K/9: & BB/9: Both strikeouts per 9 innings and walks per 9 innings are a good place to start when not only looking at pitchers on a given night, but also when trying to locate that undervalued contrarian selection to take your lineup to the top. The reason such an emphasis is placed on these, is that strikeouts and walks are two outcomes that are pretty much controlled by the pitcher, as opposed to other outside factors. Therefore, the numbers a pitcher accumulates in regards to K/9 and BB/9, are a good representation of a pitchers performance for that season. As a reference, pitchers with a K/9 of 8.0, are those that possess the ability of striking out a large quantity of hitters, which exponentially increases their DFS stock. While it is unjust to say that pitchers with a K/9 7.0 and lower aren’t quality starters, who aren’t capable of putting up a high score, these for the most part are tactical pitchers, who often don’t have the upside as some of the flamethrowers with a higher K/9. In the case of BB/9, pitchers with a 2.5 or lower are ones with elite command and rarely allow base-runners via walk. Those with a 3.0 and higher, may suffer from erratic control, which in the process has the potential to lead to more base-runners, which never bodes well for a pitcher, and especially your lineup.
HR/9: There really isn’t too much to say about this one. Home-runs per nine innings is a stat which tracks the average number of homers a pitcher surrenders over the course of nine innings. A pitcher giving up a run or two here and there most likely isn’t enough to completely ruin your fantasy night. However, selecting a pitcher who notoriously serves up the lollipop is a quick way to see your evening take downward spiral.
xFIP: Expected Fielding Independent Pitching (xFIP) is an intriguing statistic developed with the intention of creating an estimation of a pitchers run prevention, without taking into consideration the defense behind the pitcher. For DFS purposes, xFIP might actually be a better statistic to utilize than say ERA. The reason for that is because xFIP only weighs strikeouts, walks, hit by pitches, and fly balls allowed. By only factoring in the aforementioned outcomes, a representation which holds the pitcher accountable is the end result. Generally speaking, an xFIP of 3.50 or lower is telling that a particular pitcher, is enjoying his season. A pitcher with a xFIP of 4.00, might be a pitcher worth consideration of fading.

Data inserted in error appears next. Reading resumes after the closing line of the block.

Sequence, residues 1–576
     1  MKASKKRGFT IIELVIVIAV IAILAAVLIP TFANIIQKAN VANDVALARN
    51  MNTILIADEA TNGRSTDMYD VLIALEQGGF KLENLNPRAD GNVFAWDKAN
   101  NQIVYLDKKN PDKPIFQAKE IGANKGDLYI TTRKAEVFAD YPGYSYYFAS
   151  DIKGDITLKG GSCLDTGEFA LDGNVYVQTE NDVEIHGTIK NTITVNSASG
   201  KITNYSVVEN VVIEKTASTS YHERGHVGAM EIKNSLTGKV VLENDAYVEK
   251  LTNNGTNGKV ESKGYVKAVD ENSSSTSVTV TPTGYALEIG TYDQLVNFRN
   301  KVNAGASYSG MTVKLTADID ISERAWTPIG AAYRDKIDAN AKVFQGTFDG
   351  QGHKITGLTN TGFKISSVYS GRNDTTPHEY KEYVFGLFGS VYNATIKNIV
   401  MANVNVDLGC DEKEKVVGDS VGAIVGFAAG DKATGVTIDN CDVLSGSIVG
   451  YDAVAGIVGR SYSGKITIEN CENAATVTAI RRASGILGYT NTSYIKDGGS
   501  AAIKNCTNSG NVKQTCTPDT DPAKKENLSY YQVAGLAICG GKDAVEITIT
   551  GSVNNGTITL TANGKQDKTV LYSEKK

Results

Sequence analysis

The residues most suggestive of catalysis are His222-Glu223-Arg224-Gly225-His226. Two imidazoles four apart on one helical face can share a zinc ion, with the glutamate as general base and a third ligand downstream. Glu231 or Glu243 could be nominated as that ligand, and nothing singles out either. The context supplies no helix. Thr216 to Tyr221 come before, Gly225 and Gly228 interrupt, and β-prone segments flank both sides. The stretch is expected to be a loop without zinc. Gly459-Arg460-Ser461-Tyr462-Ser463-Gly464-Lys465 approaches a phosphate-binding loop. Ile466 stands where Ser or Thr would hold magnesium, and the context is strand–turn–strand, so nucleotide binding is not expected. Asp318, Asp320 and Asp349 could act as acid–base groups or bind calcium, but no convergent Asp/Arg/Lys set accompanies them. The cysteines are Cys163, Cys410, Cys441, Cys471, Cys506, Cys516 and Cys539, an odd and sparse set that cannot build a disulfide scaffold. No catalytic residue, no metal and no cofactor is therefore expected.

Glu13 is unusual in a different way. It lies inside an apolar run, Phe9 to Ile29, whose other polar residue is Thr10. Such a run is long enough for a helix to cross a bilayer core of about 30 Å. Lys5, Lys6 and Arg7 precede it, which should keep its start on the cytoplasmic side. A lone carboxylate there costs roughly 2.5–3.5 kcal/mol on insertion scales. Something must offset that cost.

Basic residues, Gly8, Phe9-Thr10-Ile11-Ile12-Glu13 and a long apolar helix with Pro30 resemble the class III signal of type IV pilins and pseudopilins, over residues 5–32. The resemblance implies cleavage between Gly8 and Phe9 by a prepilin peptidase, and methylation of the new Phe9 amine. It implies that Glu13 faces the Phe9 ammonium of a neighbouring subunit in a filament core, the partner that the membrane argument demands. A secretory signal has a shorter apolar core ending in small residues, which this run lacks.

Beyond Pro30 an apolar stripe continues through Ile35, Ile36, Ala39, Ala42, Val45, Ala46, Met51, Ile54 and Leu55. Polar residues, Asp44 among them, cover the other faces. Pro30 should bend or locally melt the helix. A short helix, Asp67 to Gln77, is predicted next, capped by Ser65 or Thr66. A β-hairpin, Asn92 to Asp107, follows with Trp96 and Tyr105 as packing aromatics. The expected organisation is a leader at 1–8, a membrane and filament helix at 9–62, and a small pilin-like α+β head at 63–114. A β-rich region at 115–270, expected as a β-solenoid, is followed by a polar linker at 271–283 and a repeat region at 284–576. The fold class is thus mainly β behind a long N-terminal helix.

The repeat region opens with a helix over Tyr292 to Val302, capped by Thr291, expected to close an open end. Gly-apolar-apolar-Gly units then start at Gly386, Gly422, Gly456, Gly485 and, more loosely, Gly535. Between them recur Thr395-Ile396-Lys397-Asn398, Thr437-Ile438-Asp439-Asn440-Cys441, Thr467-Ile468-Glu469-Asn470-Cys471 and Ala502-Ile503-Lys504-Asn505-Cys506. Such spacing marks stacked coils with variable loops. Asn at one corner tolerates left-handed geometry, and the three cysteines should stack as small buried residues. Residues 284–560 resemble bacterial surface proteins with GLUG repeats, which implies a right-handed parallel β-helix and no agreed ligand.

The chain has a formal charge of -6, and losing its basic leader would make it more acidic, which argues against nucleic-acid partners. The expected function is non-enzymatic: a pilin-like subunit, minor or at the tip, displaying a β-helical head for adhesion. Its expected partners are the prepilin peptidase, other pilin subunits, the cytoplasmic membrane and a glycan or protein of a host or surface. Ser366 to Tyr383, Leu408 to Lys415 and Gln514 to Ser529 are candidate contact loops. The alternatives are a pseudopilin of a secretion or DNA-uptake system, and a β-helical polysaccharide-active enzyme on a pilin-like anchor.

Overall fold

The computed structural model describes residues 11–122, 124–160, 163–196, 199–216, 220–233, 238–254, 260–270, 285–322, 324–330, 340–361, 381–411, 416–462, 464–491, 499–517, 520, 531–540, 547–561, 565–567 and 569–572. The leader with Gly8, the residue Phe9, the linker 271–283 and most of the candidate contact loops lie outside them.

GB%: Denoted for ground ball percentage, GB% is a member of the batted ball profile, which measures the rate in which pitchers allow ground balls. The rate at which a pitcher induces ground balls can be paramount to achieving fantasy success on a given night. As we mentioned earlier in some of the batted ball hitting criteria, line drives and fly balls generate substantially more runs than ground balls. While it’s not accurate to assume that just because a pitchers GB% is high that they are immune to giving up HR, however, their ability to keep the ball on the ground as suggested by the statistics, greatly diminishes the risk of XBH.
Hard Contact%: While this was one of the categories we used in determining underrated batters, hard% also presents itself as useful when the intention is to diagnose underrated pitchers. Context, of course is the variance. A high hard% is what we are looking for in our hitters, because that’s a telling sign of a given player at least laying good wood on the ball, regardless of how the at bat concludes. In the case of pitchers, though, a low hard% indicates that a pitcher, pretty consistently is able to prevent batters from making good hard contact. A definitive plus when searching for the unsung pitchers of the DFS realm.
Now that you have been provided a brief explanation of all the statistical categories we valued when comprising our All-Underrated team, with no further adieu, we introduce to you the deserving members. First up, the catchers.
Arizona Diamondbacks: Chris Herrmann
Some people may have been anticipating seeing a different Diamondbacks catcher in this spot as opposed to the somewhat forgotten one of Arizona’s catching platoon. Yes, Wellington Castillo does have an edge in plate appearances, but it’s actually Chris Herrmann, who has an edge in most statistical categories not only on his team, but among all catchers with at least 150 plate appearances.